We must conclude, then, that however satisfactory and accordant with observed fact the hypothesis of epigenesis seems to be at first sight, more careful analysis shows that it is in no sense a true explanation of the phenomenon of development.

The analogy between the evolution of the species from, an unicellular ancestor, and the development of the individual from an unicellular egg, is simply an analogy, for the cause of the first phenomenon, the selection of congenital variations, is wanting in the second case, and there is nothing to take its place if it is true that an egg is really, like a rhizopod, an unspecialized cell.

Haeckel's statement that heredity is memory, however true it may be, cannot be accepted as an explanation, for we have no knowledge of the existence of memory apart from organization, and we cannot conceive that an ovum can retain the memory of the past history of its species, unless ib possesses a corresponding organization.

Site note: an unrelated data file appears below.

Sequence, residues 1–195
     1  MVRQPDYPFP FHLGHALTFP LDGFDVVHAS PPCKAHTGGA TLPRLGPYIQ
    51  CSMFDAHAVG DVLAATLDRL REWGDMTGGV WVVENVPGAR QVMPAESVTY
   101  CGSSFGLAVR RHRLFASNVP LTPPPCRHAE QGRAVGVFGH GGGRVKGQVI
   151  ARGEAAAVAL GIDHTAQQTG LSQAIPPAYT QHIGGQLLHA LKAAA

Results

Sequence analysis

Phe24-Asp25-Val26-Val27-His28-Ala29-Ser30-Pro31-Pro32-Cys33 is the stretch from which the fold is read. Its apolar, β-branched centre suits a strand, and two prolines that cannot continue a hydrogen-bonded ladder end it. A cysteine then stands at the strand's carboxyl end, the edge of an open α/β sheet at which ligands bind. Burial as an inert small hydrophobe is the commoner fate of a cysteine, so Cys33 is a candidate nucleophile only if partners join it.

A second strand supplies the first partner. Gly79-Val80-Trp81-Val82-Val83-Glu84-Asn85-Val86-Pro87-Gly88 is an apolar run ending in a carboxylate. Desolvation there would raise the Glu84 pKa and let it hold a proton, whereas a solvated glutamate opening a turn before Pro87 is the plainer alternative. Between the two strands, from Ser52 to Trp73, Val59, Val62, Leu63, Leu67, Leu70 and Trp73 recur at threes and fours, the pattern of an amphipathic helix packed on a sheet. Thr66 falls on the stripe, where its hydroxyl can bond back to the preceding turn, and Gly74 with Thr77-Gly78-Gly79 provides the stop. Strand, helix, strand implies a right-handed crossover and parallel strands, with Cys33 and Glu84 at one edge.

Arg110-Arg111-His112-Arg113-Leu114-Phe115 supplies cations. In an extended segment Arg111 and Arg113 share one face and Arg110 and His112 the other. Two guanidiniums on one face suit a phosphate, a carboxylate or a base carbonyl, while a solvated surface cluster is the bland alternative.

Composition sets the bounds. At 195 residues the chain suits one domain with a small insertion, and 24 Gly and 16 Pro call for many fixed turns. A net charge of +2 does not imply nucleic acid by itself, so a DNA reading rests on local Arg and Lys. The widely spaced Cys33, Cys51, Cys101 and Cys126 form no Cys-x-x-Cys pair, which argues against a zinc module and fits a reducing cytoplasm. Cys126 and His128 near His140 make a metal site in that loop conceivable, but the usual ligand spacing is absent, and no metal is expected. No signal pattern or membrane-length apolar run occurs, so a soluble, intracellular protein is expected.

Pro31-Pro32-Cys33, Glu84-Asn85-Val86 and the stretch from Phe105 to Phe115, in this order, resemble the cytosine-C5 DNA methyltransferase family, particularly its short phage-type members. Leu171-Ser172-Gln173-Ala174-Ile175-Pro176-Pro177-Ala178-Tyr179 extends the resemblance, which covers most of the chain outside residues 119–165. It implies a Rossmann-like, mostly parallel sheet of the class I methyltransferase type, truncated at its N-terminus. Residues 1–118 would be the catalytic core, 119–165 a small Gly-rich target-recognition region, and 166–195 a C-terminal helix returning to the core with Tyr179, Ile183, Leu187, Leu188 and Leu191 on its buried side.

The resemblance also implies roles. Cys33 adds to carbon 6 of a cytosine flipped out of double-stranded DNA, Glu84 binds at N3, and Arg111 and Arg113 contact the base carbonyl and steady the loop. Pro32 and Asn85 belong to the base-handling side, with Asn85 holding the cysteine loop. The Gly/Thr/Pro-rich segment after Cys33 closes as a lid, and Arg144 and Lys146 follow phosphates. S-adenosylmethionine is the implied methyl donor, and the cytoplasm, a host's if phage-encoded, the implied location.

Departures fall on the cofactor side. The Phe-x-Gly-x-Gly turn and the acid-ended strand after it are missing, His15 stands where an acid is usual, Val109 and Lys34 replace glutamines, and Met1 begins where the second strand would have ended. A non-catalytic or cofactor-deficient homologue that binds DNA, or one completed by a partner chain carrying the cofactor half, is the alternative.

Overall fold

Jager's view that the embryonic ovum i\t unspecial- 5 ized, and that its specialization is gradually assimilated during the development of the organism which contains it, fails to account for the phenomena of reversion, and to account for reversion he is compelled to assume that the egg is organized from the time of its origin in the developing egg of the preceding generation.

In each case we are driven to the same conclusion, that the epigenesis hypothesis is inadequate; and we are forced to accept some form of the evolution hypothesis.